Tuesday, August 25, 2015

The Red Light Saloon

Some saloon names were openly borrowed from other locations either due to owners moving or to people wanting to communicate clearly what they had to offer.  In using a name previously branded with memories of certain entertainments, atmosphere, or scope, they hoped to quickly stand out from the numerous other establishments offered to the traveler.

The 'Red Light Saloon' apparently was first located in Caldwell, Kansas. This was a town that was a queen of the cattle trails during the time when Dodge City and Ft. Worth were first booming (1870's and early 1880's).  The saloon was part of a hotel and offered baths, booze, and broads.

Such a reputation could not go begging so others popped up in Helena, Montana and in Dallas and Ft. Worth in Texas.  Additionally, there was one Rawlins, Wyoming and in Oklahoma City. 

A song, ribald and raw, also emerged and is found today in two versions. One is an edited version and the other not so much.  

At its heart it can be seen as a cautionary tale of what can happen if a man visits such establishments and keeps the intimate company of the women there. 

LOC - http://www.loc.gov/item/afc9999005.34976
Two versions on one page - http://www.traditionalmusic.co.uk/bawdy-songs/008576.HTM

Saturday, August 15, 2015

"Born Grown" But With Relapses

Roy Stewart wrote a classic history of Oklahoma City called Born Grown.  The imagery comes from the fact that in a less than 24 hour period, the small dot along a rail line called simply, 'Oklahoma Station' would be descended on by about 10,000 people all clamoring for a space in the area that they knew was earmarked as a major community in the new region.   

Along, with Purcell, Guthrie, Norman, Perry and other stopping points along the Santa Fe rail line, Oklahoma Station, was sure to be pivotal place.   Of course, not all those people stayed, there were more of them than there were of lots and plots.  Some were asked to move along because of their inability to get along with others. A few were carried out to a grave. 

Two types of people came and settled that day. There were the staid, serious, business minded people with visions of creating a wonderful place where generations of families might be proud to call home.  There were also the will-o-the-wisps who were flies once the picnic was set out and all the family called. As land speculators, gamblers, saloon keepers, soiled doves, allergic to work types, and trouble-makers they swarmed, they flitted, and they were not nearly as welcome.  Many of them, however, like the flies, were very persistent and they stuck around becoming some of the progenitors of those generations of families who were proud to call the place home.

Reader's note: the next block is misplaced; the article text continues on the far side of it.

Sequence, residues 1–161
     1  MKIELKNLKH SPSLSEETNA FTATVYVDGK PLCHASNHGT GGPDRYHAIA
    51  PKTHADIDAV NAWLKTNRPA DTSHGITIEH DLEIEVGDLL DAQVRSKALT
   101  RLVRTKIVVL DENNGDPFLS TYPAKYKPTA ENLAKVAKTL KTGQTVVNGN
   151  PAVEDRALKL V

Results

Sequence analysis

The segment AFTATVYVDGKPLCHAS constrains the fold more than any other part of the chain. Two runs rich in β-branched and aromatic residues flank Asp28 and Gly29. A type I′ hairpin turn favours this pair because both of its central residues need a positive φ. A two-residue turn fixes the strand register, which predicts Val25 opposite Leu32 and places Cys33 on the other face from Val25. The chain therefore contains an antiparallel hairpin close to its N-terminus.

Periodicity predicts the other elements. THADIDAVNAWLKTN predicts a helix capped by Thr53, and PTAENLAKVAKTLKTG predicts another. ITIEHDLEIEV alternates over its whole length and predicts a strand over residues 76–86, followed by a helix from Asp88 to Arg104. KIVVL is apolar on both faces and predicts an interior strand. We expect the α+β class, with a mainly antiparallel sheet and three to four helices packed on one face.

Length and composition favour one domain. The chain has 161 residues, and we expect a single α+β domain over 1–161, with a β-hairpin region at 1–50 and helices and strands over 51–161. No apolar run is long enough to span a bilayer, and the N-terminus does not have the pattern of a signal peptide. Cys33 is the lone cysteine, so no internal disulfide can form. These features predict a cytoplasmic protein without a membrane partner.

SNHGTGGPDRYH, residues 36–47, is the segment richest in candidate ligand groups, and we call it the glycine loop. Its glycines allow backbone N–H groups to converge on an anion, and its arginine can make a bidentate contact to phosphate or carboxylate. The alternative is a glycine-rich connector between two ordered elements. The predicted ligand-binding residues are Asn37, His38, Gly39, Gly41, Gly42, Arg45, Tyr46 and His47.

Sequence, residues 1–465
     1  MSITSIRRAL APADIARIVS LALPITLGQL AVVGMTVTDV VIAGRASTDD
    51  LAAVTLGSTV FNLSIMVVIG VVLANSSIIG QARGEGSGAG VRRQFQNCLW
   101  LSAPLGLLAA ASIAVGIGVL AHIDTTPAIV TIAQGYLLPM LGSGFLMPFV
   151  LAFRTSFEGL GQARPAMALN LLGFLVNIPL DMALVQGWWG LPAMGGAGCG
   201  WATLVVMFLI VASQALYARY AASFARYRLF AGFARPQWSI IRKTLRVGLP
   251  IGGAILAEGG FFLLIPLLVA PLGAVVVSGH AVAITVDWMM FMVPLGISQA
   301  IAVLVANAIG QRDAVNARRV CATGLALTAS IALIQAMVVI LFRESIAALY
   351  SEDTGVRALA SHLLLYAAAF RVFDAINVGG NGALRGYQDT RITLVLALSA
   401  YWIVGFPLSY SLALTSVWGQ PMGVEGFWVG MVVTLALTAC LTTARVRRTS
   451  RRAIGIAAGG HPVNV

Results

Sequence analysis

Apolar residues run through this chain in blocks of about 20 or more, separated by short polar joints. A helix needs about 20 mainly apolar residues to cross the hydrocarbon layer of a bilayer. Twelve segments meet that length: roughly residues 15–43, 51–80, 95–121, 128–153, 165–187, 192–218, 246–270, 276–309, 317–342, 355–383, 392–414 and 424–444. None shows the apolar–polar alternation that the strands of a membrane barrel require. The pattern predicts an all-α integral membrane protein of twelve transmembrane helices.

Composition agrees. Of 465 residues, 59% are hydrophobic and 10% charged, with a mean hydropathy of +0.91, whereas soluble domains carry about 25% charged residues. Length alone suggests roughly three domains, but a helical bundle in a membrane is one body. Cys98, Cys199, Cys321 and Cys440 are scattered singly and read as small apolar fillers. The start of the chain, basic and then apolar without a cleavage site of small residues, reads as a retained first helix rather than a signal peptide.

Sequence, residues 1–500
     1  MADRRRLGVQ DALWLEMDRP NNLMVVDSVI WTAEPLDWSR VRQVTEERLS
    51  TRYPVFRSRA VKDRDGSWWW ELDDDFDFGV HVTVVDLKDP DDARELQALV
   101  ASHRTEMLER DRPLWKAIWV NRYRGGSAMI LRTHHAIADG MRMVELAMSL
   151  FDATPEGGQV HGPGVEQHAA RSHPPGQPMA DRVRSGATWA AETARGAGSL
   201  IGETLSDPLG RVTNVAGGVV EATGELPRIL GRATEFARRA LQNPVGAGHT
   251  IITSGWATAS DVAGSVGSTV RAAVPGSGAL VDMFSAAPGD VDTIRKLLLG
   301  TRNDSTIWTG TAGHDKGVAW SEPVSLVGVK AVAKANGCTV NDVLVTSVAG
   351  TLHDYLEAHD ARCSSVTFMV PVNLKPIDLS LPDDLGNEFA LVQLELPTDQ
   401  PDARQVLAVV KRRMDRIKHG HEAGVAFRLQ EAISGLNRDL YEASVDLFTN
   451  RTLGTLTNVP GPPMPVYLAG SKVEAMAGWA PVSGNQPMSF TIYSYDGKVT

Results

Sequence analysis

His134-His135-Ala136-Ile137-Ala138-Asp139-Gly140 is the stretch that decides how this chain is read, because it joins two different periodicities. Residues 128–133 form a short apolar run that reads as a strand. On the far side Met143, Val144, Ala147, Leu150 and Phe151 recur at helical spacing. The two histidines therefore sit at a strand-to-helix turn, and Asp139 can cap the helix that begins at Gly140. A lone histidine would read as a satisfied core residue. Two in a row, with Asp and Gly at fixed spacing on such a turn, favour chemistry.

As has been proven so many times before. A person just cannot pick their ancestors....or their founding mothers and fathers.

It's Illegal; So, what will you have?

On Monday, April 22, 1889, the day of what some called 'the greatest horse race in history', the great Oklahoma Land Run commenced at noon.  Thousands (some have estimated as many as 20,000 or more) participated in a bid to 'stake' out a bit of land for themselves. Men and women made the run in wagons, on horseback, and train (traveling very slowly so as not to compete).  That night, as hastily erected tents flapped in the southwest breeze, and campfires began to burn both the triumphs and the challenges of the great adventure struck home.  

There was only one well, the water was a dirty stretch of river some distance to the south, and beside some half hearted creeks snaking through half dry shallow gulleys, it was dry.  Now, foresighted business wheeler-dealers had seen this eventuality. They knew from business in Kansas, Texas, and all points of the compass that people need to eat, they need to drink, and they need something to do in those winding down of the day hours.   

Now, in the 1940's there were collections of the memories of the pioneers of '89, and in these collections they will underscore that there was absolutely no liqueur in the area because it was illegal to have or sell such on federally controlled 'Indian Lands.'  The exceptions were for medicinal purposes and the drug stores did a booming business selling that in the first fifteen months of Oklahoma City.  Another little trick was the brewing of 'hop tea' that gave the flavor of alcohol without the buzz.  Stories from the time period include tales of young folks slipping away from the dance chaperones to go to the drug store for 'medicine' (whiskey) or for 'hop tea' (beer).

The most compelling evidence that there was actually buying, selling and consuming of alcoholic beverages come from the presence of so many saloons in the infant city, the number of arrests for drunk and disorderly recorded in city papers during this 'dry spell', and the fact that local police officers and U.S. Marshal's were chasing down, closing up, and confiscating such goods right and left.

So, although it was illegal, it was apparently going on all around the region.  The area may have been 'dry' on paper but you could say it was a 'wet kinda of dry.'

(Image: cMarilyn A. Hudson, 2013, image is a replica saloon from the Woodward, Oklahoma museum and is a fine example of the standard fixtures seen in most such establishments of the 1880-1910 era)

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